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All these whom I have instanced, having invaded our country—not together nor at the same time, but as opportunity and self-interest and desire concurred in each case—our ancestors conquered in battle and put an end to their insolence. And yet they did not forsake their true selves1 after they had achieved successes of such magnitude nor did they experience the same misadventure as those who, owing to the exercise of good and wise judgement, have attained great wealth and good reputation, but who, owing to excess of good fortune, have grown overweening, lost their senses, and have been brought down to lower and meaner circumstances than those which they enjoyed before.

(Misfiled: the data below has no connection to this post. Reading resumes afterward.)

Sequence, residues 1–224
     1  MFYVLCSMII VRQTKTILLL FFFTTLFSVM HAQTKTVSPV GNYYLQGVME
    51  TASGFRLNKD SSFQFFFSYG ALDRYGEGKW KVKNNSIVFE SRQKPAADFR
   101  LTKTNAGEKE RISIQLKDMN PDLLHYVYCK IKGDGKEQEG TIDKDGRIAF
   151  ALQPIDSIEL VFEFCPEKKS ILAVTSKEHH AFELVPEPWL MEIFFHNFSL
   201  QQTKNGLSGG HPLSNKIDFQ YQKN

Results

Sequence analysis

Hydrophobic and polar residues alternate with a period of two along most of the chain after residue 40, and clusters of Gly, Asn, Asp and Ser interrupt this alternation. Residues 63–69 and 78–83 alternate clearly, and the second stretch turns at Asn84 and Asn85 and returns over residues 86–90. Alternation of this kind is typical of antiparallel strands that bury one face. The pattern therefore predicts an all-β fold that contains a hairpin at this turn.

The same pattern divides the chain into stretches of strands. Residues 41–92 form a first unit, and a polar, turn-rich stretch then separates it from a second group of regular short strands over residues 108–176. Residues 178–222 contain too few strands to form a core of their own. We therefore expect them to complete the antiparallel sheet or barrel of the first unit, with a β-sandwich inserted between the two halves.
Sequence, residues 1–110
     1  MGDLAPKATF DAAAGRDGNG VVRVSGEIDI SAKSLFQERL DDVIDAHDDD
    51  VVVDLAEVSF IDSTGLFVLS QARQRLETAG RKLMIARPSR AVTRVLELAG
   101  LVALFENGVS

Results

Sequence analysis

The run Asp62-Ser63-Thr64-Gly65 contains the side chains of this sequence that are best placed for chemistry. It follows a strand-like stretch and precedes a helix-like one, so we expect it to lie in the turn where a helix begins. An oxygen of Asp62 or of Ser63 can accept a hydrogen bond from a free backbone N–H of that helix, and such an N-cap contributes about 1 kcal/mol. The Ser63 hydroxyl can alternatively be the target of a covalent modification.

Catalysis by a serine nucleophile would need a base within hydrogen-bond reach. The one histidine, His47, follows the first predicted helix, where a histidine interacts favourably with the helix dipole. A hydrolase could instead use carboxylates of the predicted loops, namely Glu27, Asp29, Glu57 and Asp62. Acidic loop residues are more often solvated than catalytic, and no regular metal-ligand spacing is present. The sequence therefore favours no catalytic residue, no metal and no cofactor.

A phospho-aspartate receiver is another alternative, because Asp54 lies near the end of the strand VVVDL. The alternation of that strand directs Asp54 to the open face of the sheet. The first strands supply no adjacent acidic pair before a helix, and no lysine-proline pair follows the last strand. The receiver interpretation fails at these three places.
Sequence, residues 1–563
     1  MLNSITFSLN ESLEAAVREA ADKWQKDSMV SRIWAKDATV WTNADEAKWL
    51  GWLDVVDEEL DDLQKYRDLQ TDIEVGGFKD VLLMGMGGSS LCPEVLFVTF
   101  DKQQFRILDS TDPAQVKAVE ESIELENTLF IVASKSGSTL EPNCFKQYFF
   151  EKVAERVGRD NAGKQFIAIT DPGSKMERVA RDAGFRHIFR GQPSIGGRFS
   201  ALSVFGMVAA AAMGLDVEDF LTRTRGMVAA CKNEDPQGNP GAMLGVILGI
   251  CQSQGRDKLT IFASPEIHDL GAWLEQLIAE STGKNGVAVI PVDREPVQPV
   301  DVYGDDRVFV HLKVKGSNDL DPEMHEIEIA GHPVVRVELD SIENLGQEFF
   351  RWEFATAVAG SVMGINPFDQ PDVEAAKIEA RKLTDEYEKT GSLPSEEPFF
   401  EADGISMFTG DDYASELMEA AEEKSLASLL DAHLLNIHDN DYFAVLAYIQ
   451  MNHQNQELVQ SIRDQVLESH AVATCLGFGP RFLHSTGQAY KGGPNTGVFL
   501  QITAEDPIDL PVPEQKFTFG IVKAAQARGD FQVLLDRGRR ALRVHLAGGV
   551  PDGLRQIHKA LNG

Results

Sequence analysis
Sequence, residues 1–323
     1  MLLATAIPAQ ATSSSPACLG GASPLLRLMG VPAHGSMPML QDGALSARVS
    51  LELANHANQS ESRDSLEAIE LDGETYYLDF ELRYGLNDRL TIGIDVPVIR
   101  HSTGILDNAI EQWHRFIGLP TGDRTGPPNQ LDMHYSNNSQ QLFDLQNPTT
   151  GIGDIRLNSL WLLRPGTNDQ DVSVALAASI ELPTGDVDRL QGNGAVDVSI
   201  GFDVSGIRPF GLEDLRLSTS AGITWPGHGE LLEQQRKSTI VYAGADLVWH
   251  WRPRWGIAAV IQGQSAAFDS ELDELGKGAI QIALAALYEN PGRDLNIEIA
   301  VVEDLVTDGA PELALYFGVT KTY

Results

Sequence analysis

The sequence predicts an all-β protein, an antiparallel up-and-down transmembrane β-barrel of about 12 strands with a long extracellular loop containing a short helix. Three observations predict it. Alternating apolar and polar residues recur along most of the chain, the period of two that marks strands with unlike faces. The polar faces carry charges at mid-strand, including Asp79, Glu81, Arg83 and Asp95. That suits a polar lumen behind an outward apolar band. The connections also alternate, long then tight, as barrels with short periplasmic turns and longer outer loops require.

1 See for the figure and the thought, Isoc. 12.32; General Introduction.

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    • Isocrates, Panathenaicus, 32
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